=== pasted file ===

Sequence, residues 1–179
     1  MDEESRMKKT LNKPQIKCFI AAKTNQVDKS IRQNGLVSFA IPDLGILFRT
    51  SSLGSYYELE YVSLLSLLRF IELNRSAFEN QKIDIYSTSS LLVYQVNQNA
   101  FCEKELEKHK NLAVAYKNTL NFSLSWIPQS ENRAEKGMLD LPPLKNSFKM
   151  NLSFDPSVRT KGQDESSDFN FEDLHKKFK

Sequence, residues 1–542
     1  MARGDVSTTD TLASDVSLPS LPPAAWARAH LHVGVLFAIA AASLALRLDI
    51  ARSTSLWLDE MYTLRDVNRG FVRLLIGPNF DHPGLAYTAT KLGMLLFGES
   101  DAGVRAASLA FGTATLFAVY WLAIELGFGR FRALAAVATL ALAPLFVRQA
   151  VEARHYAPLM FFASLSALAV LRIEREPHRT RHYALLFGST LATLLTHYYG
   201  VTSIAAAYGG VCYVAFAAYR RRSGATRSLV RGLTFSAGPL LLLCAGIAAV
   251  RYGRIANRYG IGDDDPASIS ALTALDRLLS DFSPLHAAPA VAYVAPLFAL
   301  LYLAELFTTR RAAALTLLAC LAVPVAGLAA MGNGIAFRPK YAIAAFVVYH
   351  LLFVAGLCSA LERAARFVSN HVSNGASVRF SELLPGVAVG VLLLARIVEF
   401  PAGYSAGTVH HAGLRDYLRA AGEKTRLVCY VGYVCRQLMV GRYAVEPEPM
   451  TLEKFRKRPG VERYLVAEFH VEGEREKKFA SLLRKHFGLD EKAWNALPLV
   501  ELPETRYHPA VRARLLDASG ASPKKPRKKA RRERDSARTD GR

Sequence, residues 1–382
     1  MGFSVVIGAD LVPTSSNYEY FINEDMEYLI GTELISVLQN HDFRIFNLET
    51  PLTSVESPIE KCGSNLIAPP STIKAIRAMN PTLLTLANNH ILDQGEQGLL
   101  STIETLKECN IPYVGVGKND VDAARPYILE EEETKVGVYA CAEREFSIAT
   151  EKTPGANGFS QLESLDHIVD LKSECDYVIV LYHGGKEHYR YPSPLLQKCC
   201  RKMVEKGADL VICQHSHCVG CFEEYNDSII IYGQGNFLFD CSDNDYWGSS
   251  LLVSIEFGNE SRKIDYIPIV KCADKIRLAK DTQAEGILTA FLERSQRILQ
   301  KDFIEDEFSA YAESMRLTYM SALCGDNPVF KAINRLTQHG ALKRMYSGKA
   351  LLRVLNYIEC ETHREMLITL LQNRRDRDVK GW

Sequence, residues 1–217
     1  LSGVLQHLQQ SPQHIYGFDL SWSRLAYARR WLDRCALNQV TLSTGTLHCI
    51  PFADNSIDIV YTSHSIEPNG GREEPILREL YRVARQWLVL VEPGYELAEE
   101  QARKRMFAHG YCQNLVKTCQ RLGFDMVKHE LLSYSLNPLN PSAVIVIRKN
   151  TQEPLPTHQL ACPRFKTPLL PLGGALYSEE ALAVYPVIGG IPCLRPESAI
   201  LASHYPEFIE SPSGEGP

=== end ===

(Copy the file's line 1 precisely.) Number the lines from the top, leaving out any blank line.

Sequence, residues 1–179